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# Rotor Blade Tip Temperature

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## Rotor Blade Tip Temperature

(OP)
Does anyone here know if the blade tips on helicopters get hot due to aerodynamic heating? Alternately does anyone here know a good reference for how to estimate how hot they get? I understand aerodynamic heating starts to become significant at Mach .8 or so. Does anyone have a formula for the way to calculate this heating effect?

Thanks for any help

LloydofDSS

### RE: Rotor Blade Tip Temperature

You can look up the isentropic flow equations in any fluid mechanics or aerodynamics textbook.
At Mach=1, To/T1=1.2

Starting at 300 Kelvin, the temperature would rise to 360 K.

This effect is not very significant until much higher Mach numbers.

An interesting college exercise I remember was to start with the melting point of aluminum and feed that backward through the equation to find the aircraft's top speed, then to compare the result to the Concorde.

Steven Fahey, CET
"Simplicate, and add more lightness" - Bill Stout

### RE: Rotor Blade Tip Temperature

I have never read or heard anything about aerodynamic heating of blade tips.  Perhaps this is because the tip is only operating at a high airspeed during a small portion of its rotation; i.e. When it is on the advancing side.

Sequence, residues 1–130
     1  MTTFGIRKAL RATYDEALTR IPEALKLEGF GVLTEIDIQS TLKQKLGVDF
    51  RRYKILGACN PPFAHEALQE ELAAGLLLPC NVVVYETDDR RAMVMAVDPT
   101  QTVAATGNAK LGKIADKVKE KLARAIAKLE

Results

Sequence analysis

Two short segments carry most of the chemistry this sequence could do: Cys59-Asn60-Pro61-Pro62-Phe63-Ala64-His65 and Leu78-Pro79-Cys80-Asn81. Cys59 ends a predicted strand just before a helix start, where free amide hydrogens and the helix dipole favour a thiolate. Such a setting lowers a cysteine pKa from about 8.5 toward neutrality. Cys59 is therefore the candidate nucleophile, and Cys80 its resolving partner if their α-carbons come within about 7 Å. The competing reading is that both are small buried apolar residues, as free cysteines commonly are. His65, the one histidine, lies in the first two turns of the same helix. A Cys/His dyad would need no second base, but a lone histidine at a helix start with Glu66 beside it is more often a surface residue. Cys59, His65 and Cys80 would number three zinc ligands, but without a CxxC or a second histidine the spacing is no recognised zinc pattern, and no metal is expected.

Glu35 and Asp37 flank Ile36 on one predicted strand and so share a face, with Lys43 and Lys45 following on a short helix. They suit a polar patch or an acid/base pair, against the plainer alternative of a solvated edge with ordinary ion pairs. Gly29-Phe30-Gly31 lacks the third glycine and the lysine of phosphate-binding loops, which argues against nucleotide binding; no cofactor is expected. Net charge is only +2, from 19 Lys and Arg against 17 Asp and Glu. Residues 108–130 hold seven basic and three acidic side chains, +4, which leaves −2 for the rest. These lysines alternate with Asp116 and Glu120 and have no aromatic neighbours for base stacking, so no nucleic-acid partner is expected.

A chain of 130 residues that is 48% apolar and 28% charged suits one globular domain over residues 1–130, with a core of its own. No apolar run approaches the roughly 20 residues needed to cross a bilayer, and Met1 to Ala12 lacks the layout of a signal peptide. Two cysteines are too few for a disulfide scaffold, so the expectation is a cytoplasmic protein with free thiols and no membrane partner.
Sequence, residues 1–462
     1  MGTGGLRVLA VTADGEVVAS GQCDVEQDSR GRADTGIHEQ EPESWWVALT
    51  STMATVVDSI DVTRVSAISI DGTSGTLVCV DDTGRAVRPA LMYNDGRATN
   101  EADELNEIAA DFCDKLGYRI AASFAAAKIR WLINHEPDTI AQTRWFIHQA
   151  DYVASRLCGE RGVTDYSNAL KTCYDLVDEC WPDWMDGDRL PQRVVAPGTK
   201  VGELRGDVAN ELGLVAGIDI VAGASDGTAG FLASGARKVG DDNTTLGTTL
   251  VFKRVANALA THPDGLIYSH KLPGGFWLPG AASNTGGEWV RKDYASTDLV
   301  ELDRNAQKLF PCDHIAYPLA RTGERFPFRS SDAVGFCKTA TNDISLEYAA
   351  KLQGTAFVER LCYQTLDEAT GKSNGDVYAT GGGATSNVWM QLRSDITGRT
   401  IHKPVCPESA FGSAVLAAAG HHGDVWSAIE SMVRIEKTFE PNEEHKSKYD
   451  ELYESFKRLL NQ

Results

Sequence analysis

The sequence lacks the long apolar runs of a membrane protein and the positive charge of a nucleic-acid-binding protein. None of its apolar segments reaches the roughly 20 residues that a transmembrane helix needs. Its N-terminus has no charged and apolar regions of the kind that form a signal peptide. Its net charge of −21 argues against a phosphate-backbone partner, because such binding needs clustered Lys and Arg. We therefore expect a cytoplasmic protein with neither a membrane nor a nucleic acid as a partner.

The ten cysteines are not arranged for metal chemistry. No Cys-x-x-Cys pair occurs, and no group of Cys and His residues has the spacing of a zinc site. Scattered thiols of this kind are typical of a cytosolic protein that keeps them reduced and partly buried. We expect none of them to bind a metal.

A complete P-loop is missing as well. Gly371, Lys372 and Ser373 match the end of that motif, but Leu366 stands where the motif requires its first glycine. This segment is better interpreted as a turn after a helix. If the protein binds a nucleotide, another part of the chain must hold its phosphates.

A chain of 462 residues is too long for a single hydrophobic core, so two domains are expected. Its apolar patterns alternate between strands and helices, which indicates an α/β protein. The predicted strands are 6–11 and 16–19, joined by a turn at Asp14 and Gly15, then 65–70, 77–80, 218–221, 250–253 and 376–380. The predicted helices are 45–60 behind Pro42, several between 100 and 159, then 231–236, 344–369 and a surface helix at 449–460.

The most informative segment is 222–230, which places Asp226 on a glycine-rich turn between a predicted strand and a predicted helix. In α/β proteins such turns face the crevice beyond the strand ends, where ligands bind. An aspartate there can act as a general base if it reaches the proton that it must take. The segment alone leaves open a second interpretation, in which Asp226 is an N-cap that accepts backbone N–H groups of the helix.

### RE: Rotor Blade Tip Temperature

OT (sorry).

"An interesting college exercise I remember was to start with the melting point of aluminum and feed that backward through the equation to find the aircraft's top speed, then to compare the result to the Concorde."

That is an interesting excercise. What was the result? I gather the russians are sticking to Mach 1.8 for precisely that reason.

Mart

### RE: Rotor Blade Tip Temperature

(OP)
In a hover, the blade tips are at a constant speed and it is generally 150-200 kts below Mach 1 (Sea level). At max Vne the tips going forward come pretty close to Mach 1, but as they go aft they drop below their hover speed by the forward velocity of the aircraft. At least that is how I understand it.

Thanks for the info, that was very helpful.

### RE: Rotor Blade Tip Temperature

Lloyd,
Yes, I didn't state explicitly that I was using Mach 1 for a maximum tip speed, even though they are almost always less than that.

Graviman,
The exact resulting Mach number escapes me, but the point of the exercise demonstrated that above a certain speed, aluminum cannot be used for a leading edge, and titanium must be substituted (for extra cost).  For higher and higher speeds, increasingly resistant materials are required, until you reach the ludicrous point of gluing millions of brittle 12 inch thick tiles all over your shuttle.

Sorry Lloyd, I've totally sidetracked your thread now.

Steven Fahey, CET
"Simplicate, and add more lightness" - Bill Stout

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